a state senator from Hall County had gotten his bill through the Legislature in
1915, the Panhandle and much
of the rest of West Texas would have
become a separate state named for Thomas Jefferson. |
would have been the capital of what would have become the 49th state of the union.
Though the political amputation would have ended Texas’
status as the nation’s largest state, both Jefferson and “Old” Texas still would
have been bigger than all but a few of the other states.
Fanciful as part
of Texas becoming a separate state sounds, it would
have been legal. That’s because the joint resolution passed by Congress on March
1, 1845 provided that the new state of Texas, formerly
an independent republic, could divide itself into as many as four other states.
Any of them would automatically be entitled to admission to the Union.
W.A. Johnson’s bill to create the state of Jefferson, however, wasn’t grounded
on a desire to add to the recogition of the nation’s third president. It was all
about politics, more particularly, achieving better representation for West
Texas in Congress.
The proposed state of Jefferson would have included
four congressional districts and four state senatorial districts. Its eastern
border would have been the western boundaries of Clay, Jack, Palo Pinto, Erath,
Comanche, Mills, San Saba, Llano, Gillespie, Kimble, Edwards, Kinney and Maverick
“Senator Johnson contends that the western sections of the state
have been unlawfully restrained from their lawful representatives in the Texas
senate and national congress by the constant and persistent refusal of the legislature
to redistrict,” one newspaper reported on Jan. 29, 1915, the day after Johnson
put his bill in the hopper.
The lawmaker from Memphis, where he owned
and edited the Hall County Herald, argued that the state’s “liquor interests”
had succeeded in blocking redistricting “by subscribing giant slush funds to control
the politics of the state.”
The legislature actually did have a redistricting
bill before it, but Johnson must have believed it had no chance of passing. His
proposal to create a new state had originally been looked on as a joke, but on
Jan. 31 the San Antonio Light said, in so many words, that the measure
seemed to be growing legs.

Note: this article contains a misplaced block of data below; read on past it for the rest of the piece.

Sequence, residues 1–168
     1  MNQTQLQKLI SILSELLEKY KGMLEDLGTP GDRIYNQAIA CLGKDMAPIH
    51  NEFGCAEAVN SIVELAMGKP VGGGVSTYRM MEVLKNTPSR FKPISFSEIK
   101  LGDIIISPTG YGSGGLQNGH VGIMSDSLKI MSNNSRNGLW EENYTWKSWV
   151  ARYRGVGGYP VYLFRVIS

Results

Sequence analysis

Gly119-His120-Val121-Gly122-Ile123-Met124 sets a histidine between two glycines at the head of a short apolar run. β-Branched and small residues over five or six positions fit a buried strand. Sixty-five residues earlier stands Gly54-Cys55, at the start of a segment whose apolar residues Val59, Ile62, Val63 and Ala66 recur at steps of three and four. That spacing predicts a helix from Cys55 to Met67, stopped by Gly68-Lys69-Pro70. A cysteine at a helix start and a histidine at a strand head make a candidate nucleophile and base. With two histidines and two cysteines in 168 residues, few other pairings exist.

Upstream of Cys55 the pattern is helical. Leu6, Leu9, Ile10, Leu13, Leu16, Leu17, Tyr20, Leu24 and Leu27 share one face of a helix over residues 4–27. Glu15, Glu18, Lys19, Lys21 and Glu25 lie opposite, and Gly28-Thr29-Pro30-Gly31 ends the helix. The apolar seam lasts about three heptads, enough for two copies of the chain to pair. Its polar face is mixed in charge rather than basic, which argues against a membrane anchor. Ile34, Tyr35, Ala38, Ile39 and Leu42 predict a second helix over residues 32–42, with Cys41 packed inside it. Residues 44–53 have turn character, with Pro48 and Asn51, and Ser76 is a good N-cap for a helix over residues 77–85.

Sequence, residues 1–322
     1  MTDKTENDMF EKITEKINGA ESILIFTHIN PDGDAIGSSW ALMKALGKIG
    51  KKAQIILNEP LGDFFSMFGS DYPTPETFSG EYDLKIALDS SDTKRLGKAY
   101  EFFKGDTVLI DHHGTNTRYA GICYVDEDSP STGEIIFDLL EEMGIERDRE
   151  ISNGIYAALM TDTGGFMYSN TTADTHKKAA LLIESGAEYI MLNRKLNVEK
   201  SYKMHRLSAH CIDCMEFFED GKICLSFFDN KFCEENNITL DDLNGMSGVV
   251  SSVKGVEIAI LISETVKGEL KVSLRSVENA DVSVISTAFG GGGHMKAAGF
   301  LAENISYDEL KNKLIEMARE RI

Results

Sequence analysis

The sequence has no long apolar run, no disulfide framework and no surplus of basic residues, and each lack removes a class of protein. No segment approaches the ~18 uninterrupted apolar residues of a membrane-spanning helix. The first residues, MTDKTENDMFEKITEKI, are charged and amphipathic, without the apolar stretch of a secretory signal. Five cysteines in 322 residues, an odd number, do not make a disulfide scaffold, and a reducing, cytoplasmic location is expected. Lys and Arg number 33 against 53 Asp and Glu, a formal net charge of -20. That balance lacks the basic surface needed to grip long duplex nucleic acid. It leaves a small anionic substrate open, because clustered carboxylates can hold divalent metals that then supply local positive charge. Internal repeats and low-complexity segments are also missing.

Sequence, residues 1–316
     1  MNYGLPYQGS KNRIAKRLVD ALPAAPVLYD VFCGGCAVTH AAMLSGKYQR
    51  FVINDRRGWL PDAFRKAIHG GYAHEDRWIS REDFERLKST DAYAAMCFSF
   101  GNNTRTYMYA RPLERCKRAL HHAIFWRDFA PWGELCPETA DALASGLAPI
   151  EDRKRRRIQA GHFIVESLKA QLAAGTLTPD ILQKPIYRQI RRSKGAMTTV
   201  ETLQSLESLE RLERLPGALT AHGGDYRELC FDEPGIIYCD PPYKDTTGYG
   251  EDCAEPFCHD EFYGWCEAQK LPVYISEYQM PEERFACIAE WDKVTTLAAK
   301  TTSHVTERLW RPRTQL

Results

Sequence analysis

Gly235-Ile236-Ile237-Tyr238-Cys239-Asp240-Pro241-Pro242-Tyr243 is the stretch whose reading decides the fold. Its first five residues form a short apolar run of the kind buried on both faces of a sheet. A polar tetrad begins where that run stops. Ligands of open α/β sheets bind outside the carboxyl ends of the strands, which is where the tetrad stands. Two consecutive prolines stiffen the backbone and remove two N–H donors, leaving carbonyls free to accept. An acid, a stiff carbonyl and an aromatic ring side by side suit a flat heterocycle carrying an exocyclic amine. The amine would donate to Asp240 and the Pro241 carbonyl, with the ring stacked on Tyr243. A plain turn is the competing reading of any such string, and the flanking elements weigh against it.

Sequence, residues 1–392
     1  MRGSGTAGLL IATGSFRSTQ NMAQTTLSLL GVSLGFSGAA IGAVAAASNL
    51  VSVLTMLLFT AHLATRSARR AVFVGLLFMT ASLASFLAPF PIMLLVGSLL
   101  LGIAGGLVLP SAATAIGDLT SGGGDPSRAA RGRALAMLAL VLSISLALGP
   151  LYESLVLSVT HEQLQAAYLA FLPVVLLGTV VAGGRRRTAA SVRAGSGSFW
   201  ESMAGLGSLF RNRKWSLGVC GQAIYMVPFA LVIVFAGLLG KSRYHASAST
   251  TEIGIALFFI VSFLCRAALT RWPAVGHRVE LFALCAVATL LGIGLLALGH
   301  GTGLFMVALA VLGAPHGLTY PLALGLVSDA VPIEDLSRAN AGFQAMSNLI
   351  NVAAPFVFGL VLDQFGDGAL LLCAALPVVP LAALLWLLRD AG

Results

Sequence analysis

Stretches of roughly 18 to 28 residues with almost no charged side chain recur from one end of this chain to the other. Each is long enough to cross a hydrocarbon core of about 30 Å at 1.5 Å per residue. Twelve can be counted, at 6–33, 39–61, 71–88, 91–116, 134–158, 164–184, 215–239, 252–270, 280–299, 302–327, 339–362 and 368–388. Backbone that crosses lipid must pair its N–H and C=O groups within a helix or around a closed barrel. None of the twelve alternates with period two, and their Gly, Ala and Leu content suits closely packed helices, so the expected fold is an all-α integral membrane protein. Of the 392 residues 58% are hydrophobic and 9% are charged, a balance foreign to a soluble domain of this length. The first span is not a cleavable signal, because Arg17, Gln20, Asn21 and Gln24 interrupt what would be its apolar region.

“The phenomenal growth of West
Texas and the development of antagonistic interests” made statehood for that
area a necessity, Johnson argued.
City newspaper continued: “A number of prominent antis [as in anti-liquor]
in the state are said to be looking with favor on the proposition on account of
the fact that a large part of the territory proposed to be included in the new
state is hopelessly dry.”
One place in the state not under the control
of prohibitionists was the island city of Galveston,
where beer and liquor flowed as freely as the daily Gulf tides.
William L. Hall of Wharton County, whose district included Galveston,
introduced on Feb. 4 a resolution that would divide Texas
into three states: The state of Jefferson as envisioned by his honorable colleague
as well as the states of North Texas and South Texas. Austin
would remain the capital of South Texas, while Palestine
would become the seat of government for North Texas.
The governor and
lieutenant governor of “Old” Texas would continue in office as the chief executives
of South Texas but the new state would have to appoint two new U.S. senators.
North Texas, on the other hand, would be represented by the current U.S. senators
from Texas, but would have to elect a governor and lieutenant governor. Jefferson,
finally, would have to select all four positions.
On Feb. 6, by a four-two
vote, the Senate Judiciary Committee favorably reported Johnson’s bill, clearing
the way for its consideration by the full Senate. Sen. Hall, meanwhile, withdrew
his resolution to divide Texas into three states
but said he would bring it up again on the floor.
A savvy politician,
Johnson knew his Panhandle statehood
proposal had no realistic chance of passage. Indeed, by mid-session it had become
clear that Texas would remain undivided for the time
idea of West Texas statehood did not
come up again until 1921, when Gov. Pat Neff vetoed a bill that would have given
West Texas its first agricultural
and mechanical college. Once more, but this time with more vitriol than good humor,
people in that part of the state began clamoring for statehood. The movement played
out four years later when the legislature approved the creation of Texas Technological
College at Lubbock.
Several times since the 1920s a legislator has brought up the old notion of cutting
up Texas, most recently in 1975, but doing so has
long since been considered a political impossibility even if technically allowable
under the law.
As for the lawmaker who had first proposed turning part
of Texas into a separate state honoring Jefferson,
the Hall County newspaper editor won election as lieutenant governor in 1919.
He served one term, dying in Memphis in 1923.
Cox - April
25, 2012 column
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